Arla may trial fizzy milk drink in the UK, Singapore and UAE

By Laura Mullan
Fizzy milk could be about to hit supermarket shelves in the UK, Singapore, and UAEas a major milk producer reportedly has plans to make it the next big...

Fizzy milk could be about to hit supermarket shelves in the UK, Singapore, and UAE as a major milk producer reportedly has plans to make it the next big trend.

Arla, one the UK’s biggest milk producers, has reportedly said that a “sparkling fruit and milk” drink could be trialled in the UK, Singapore and the UAE.



If the trial period is successful, the carbonated milk drink will be rolled out across the world.

The product innovation comes as part of Arla’s wider plans to triple its milk-based drink sales by 2020 after losing market share to plant-based alternatives like almond and coconut milk.

A number of major drinks producers have already tried and failed to launch carbonated milk drinks.

In 2014, British soft drink producer Britvic tested ‘Tango Strange Soda’ in the UK - a combination of fruit juice, milk and carbonated water geared towards children. However, the company was forced to axe it less than a year later as consumers weren't interested and sales fell flat.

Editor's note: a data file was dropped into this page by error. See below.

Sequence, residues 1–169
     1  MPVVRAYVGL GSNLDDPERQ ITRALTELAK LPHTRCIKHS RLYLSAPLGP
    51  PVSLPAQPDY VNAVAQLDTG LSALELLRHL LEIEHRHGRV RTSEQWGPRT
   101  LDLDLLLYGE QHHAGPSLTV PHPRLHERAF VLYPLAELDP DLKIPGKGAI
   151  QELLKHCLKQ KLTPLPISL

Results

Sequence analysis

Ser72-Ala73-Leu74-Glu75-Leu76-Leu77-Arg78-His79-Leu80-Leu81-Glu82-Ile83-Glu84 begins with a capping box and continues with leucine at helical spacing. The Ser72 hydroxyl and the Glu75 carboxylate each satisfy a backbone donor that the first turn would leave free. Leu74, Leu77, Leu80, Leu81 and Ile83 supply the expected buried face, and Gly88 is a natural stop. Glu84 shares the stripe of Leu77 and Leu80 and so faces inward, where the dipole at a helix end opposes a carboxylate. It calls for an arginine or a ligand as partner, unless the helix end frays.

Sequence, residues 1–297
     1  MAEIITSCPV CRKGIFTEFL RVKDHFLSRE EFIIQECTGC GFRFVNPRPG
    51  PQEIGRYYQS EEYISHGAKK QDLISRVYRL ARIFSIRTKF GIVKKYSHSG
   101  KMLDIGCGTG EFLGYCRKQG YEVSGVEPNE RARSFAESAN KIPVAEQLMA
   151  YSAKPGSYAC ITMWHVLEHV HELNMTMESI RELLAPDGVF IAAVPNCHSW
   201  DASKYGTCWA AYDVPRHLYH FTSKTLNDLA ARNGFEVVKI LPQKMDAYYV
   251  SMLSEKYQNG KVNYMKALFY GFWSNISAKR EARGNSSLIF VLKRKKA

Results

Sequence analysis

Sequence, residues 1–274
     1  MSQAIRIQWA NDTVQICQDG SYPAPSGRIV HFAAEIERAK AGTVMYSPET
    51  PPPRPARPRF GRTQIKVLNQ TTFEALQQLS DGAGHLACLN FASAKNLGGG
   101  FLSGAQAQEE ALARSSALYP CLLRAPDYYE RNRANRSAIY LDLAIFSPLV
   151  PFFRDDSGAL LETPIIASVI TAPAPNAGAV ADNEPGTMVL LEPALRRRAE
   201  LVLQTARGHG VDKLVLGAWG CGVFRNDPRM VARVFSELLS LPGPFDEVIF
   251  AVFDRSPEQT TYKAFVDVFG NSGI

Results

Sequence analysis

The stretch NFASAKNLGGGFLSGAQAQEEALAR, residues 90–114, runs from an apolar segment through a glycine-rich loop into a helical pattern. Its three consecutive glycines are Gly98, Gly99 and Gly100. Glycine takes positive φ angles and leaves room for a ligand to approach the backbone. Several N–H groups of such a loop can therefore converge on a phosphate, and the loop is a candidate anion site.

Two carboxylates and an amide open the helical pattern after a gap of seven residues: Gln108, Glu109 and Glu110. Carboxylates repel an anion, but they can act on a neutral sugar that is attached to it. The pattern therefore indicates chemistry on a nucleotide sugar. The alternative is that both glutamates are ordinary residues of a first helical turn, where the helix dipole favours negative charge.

Similarly, Coca-Cola also trailed a sparkling milk drink in the US called ‘Vio’ but the drink was never brought to Europe.

Through the reported move Arla is, understandably, trying to reinvigorate the milk market.

Milk sales fell by around GBP£240mn between 2014 and 2016 according to data collected by Grocer magazine.

This comes as millions of customers are ditching cow’s milk in favour of non-dairy alternatives such as soy and almond milk.

Indeed, this year the Office for National Statistics (ONS) noted that this year soya milk, rice milk and almond milk were included in its “typical basket of goods” list for the first time.

This new product innovation by Arla appears to be the latest move to get more customers interested in milk again.

In the Middle East and Asia, carbonated dairy drinks are already popular and so it is hoped that the new product innovation will breathe some life back into the dairy industry,



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